You might want a hop filter. Or you can put hops in hop bags.

Syphon - I just use a length of tube.

Fermentation trap  - I don't bother with one.

Thermometer - essential

Capper - for capping bottles

Cask and beer engine - one for later IMO

Welcome to the forum!  What sort of beers do you go for?


an air-lock is reassuring early on ... providing it works of course.

I still like to have an air-lock ... bloop bloop ... can't beat that sound

Multi-tasking, easy, drink beer and watch telly.
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PeterPi
Thanks for all the answers. I do like an IPA with citrus and elderflower flavours, like Citra or Jaipur. The Gower Brewery is only ten minutes away and I like their Gower Gold and Lighthouse Lager, which is sold, cask conditioned, in my local. So if there are any recipes, which you think might suit my taste, please point me toward them.

My experience of home brewing is rather limited to HWE kits like Unican, which might explain why it's taken forty years to have another go, that's why I want to start with AG brewing. I have made a start, since my first post, by buying a 30 litre electric boiler with thermometer, ball valve and bazooka hop filter. I'm going to get a temp controller from eBay, about £12.00.

What about wort coolers? The price of stainless steel coils seem a lot, when you look at what you get. Is there a viable, lower priced alternative? I could make my own using 8 or 10 mm copper, but do wort and copper go together? And why is it important to cool the wort quickly?

So many questions, but plenty of accomplished brewers on this forum to help.

Pete
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Clibit
PeterPi wrote:
Thanks for all the answers. I do like an IPA with citrus and elderflower flavours, like Citra or Jaipur. The Gower Brewery is only ten minutes away and I like their Gower Gold and Lighthouse Lager, which is sold, cask conditioned, in my local. So if there are any recipes, which you think might suit my taste, please point me toward them.

My experience of home brewing is rather limited to HWE kits like Unican, which might explain why it's taken forty years to have another go, that's why I want to start with AG brewing. I have made a start, since my first post, by buying a 30 litre electric boiler with thermometer, ball valve and bazooka hop filter. I'm going to get a temp controller from eBay, about £12.00.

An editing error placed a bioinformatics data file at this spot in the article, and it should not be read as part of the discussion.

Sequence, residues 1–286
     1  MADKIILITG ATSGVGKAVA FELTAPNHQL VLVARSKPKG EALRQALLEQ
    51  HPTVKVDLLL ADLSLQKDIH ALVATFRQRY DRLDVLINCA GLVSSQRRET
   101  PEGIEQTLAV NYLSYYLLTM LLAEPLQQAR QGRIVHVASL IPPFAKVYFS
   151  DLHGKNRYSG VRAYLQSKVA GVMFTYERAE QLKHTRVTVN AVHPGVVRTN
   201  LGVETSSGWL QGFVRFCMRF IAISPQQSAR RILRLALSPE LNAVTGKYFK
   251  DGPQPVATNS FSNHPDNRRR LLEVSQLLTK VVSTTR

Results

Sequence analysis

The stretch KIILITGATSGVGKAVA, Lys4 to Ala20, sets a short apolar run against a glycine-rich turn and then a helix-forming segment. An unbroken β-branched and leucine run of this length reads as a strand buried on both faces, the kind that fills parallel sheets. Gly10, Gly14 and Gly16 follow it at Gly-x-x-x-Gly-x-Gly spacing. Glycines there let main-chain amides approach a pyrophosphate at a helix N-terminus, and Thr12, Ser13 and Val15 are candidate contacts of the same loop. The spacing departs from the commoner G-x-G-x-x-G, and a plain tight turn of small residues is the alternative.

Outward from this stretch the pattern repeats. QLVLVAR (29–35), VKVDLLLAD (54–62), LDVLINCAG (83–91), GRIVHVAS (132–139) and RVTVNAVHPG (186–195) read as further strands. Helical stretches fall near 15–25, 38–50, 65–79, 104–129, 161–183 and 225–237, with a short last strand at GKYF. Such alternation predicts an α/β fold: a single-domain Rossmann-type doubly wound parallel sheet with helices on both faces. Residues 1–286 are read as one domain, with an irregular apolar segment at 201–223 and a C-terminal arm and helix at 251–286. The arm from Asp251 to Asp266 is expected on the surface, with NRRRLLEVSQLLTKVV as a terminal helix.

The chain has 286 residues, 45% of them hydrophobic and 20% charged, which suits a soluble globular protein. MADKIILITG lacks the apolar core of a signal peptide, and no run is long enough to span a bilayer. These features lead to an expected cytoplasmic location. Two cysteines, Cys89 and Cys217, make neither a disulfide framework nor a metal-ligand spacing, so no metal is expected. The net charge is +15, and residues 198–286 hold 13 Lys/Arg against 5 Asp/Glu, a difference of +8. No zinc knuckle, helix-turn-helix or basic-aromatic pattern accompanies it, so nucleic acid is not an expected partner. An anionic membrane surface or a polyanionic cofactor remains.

What about wort coolers? The price of stainless steel coils seem a lot, when you look at what you get. Is there a viable, lower priced alternative? I could make my own using 8 or 10 mm copper, but do wort and copper go together? And why is it important to cool the wort quickly?

So many questions, but plenty of accomplished brewers on this forum to help.

Pete


Loads of recipes, that's not difficult, check out the recipe forums and ask about ones you like the look of. 

Lots of people use copper wort chillers, they work well. Being a bit controversial, perhaps, I don't believe it is super important to chill the wort quickly. It does drop proteins out of the wort - but I don't chill mine and I don't have any problems. The main benefits of chilling IMO are to get things done quickly, and to protect the wort from contamination. The quicker the yeast is in the wort, and multiplying, the less chance there is of other organisms getting a head start (but this needn't be a concern if you clean and sanitise things properly). And getting the wort chilled and into the FV and the yeast pitched quickly is just convenient, you can get on with your life.  

I make mostly half size batches though, and I do cool them in the sink, in cold water, down to about 40C, when the cooling really slows down. Then I whack it in the FV and put the lid on and wait for it to cool to 20. There is a method called 'no chill' which involves siphoning the beer from the kettle to one of those big solid plastic water carrier things while it is still hot, usually called a cube in the brewing context, and leaving it in there to cool. You are done for the day once its in the cube, you just have to transfer it to FV the next day, or any other day really, and pitch the yeast.

If you make 5 gallons it makes sense to have a chiller I think - making one from copper tubing is a good way to go, cheap and effective. Or a cube, which works just fine.The heat of the wort sterilises the cube so it's no hassle at all. 




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Womble
Cooling the FV in a water bath, as Clibit says.

it takes longer but I get decent results doing it that way.
Multi-tasking, easy, drink beer and watch telly.
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PeterPi
OK, I think that's it for the moment. I'll check out some recipes and go from there. 

Thanks again.

I may be back.
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Clibit
PeterPi wrote:
OK, I think that's it for the moment. I'll check out some recipes and go from there. 

Thanks again.

I may be back.


Ok, good luck.    [thumb]